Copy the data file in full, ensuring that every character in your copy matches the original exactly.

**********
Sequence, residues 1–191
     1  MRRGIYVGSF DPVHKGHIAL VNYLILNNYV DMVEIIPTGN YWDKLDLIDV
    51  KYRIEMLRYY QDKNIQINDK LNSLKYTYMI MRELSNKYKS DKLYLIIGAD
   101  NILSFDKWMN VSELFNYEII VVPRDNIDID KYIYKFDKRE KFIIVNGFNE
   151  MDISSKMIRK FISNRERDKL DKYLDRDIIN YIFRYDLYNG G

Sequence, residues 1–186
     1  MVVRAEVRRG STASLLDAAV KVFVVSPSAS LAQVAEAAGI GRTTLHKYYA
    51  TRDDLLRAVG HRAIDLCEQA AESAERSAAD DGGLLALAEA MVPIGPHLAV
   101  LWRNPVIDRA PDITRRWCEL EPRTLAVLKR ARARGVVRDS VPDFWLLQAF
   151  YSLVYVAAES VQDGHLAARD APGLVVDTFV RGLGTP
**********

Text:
Sequence, residues 1–191
     1  MRRGIYVGSF DPVHKGHIAL VNYLILNNYV DMVEIIPTGN YWDKLDLIDV
    51  KYRIEMLRYY QDKNIQINDK LNSLKYTYMI MRELSNKYKS DKLYLIIGAD
   101  NILSFDKWMN VSELFNYEII VVPRDNIDID KYIYKFDKRE KFIIVNGFNE
   151  MDISSKMIRK FISNRERDKL DKYLDRDIIN YIFRYDLYNG G

Sequence, residues 1–186
     1  MVVRAEVRRG STASLLDAAV KVFVVSPSAS LAQVAEAAGI GRTTLHKYYA
    51  TRDDLLRAVG HRAIDLCEQA AESAERSAAD DGGLLALAEA MVPIGPHLAV
   101  LWRNPVIDRA PDITRRWCEL EPRTLAVLKR ARARGVVRDS VPDFWLLQAF
   151  YSLVYVAAES VQDGHLAARD APGLVVDTFV RGLGTP